Essays on banking and financial markets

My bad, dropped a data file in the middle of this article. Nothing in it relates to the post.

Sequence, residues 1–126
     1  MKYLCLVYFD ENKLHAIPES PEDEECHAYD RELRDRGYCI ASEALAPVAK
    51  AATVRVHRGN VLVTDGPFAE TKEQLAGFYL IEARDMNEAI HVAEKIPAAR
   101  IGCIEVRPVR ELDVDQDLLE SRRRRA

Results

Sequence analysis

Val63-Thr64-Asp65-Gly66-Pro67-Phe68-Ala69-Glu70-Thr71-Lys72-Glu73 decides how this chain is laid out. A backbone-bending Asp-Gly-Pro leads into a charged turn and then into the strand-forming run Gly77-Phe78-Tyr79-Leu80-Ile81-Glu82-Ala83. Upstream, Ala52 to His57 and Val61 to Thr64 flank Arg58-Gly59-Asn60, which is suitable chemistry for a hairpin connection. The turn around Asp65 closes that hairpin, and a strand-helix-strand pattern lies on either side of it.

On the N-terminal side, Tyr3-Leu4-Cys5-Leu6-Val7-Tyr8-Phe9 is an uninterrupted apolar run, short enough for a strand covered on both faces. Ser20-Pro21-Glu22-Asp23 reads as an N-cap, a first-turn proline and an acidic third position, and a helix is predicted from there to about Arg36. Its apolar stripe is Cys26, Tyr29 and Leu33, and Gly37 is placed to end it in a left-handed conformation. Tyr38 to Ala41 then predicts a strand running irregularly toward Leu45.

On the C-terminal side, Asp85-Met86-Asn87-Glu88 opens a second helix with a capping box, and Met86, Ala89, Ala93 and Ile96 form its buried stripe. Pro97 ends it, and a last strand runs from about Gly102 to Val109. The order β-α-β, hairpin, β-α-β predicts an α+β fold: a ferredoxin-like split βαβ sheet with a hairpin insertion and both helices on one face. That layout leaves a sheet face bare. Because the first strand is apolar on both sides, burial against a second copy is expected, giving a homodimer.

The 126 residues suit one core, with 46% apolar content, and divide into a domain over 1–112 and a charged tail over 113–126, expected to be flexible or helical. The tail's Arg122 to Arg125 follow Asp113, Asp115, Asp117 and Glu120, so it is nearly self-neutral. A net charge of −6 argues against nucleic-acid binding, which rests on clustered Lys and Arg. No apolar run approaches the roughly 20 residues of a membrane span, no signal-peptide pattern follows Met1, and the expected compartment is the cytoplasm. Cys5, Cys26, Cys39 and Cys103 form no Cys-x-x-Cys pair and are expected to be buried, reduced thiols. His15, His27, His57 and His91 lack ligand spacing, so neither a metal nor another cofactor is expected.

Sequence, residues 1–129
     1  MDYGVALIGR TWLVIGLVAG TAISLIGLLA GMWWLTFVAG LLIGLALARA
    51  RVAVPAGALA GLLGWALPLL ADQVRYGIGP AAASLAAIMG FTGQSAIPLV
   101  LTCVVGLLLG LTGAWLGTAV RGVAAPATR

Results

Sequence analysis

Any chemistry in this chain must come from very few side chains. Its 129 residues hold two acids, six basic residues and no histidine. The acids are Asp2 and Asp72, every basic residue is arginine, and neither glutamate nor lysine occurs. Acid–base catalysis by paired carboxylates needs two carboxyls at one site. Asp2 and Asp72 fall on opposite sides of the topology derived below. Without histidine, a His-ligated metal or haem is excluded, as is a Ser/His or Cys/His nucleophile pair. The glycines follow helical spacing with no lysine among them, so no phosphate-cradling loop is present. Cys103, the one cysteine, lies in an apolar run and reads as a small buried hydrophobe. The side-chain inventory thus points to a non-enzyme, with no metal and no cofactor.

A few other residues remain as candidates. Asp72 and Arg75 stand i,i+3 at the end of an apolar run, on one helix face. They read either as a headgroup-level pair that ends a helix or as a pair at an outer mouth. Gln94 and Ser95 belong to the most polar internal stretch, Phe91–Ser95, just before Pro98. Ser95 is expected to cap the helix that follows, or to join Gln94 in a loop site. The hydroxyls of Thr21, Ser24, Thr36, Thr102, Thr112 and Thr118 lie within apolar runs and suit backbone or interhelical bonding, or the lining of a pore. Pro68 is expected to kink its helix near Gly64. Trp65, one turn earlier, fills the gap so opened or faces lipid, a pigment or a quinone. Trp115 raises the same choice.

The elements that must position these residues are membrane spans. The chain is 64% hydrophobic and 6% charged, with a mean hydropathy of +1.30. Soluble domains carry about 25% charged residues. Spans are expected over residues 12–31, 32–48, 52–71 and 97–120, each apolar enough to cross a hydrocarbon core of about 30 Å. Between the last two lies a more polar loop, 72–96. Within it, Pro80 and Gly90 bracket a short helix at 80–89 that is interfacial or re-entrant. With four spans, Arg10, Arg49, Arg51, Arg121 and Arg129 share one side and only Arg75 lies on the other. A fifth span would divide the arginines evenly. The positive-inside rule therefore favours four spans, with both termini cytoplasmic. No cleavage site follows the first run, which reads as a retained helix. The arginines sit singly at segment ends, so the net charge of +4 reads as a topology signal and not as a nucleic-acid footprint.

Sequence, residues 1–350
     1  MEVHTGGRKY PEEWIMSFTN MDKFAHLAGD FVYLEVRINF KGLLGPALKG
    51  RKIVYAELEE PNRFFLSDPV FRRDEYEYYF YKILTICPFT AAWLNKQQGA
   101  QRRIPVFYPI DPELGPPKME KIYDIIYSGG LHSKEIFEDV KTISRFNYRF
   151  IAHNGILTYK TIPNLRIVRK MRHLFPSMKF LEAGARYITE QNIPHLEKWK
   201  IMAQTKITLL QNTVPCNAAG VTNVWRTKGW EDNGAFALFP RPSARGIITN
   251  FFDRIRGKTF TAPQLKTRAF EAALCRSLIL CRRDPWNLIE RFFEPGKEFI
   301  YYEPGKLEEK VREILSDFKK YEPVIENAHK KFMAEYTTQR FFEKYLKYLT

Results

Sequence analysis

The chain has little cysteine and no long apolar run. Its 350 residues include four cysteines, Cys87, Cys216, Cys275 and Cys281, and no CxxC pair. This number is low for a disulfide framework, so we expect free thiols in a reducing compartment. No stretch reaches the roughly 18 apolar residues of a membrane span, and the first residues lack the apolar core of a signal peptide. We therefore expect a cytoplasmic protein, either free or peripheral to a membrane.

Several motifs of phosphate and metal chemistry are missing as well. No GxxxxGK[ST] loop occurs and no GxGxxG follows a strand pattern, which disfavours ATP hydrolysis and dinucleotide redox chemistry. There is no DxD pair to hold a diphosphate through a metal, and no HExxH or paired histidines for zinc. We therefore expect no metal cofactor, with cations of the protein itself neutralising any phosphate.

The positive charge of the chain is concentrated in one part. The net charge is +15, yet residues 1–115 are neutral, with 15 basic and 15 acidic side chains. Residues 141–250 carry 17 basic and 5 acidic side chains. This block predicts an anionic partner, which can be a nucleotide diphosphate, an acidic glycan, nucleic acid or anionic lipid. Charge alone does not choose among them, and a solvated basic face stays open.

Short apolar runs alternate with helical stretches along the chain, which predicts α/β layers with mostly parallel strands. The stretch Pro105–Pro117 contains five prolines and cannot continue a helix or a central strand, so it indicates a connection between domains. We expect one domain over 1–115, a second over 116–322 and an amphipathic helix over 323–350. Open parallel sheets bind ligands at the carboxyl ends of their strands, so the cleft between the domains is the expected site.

- In this thesis the behavior of banks in financial markets which banks frequently use to obtain short-term as well as long-term financing is studied. In the first chapter we incorporate an interbank market for collateralized lending among banks into a dynamic, stochastic, general equilibrium (DSGE) framework to analyze the impact of variations in the expected value of the collateral on the interbank lending volume. We find that a central bank which decides to lower the haircut on eligible collateral in repurchase agreements is able to stimulate interbank markets. In the second chapter a microeconomic model of bank behavior on the interbank market is set up to analyze the impact of risk-taking behavior of interbank borrowing banks and uncertainty about their balance sheet quality on the lending behavior of interbank lending banks. It is found that the disruptions on the interbank market are the result of optimal behavior on the part of interbank lending banks in response to the uncertainty about the balance sheet quality of an interbank borrowing bank. In the third chapter we use monthly data on German bank bond spreads and regress it on bank-specific risk factors to assess the degree of market discipline in the German bank bond market. The regression results for the whole German bank bond market indicate that the bond spread does not show signs of market discipline. However, a structural break analysis uncovers that since the beginning of the financial crisis the German bank bond market exhibits at least a weak form of market discipline for bonds issued by medium-size and large banks.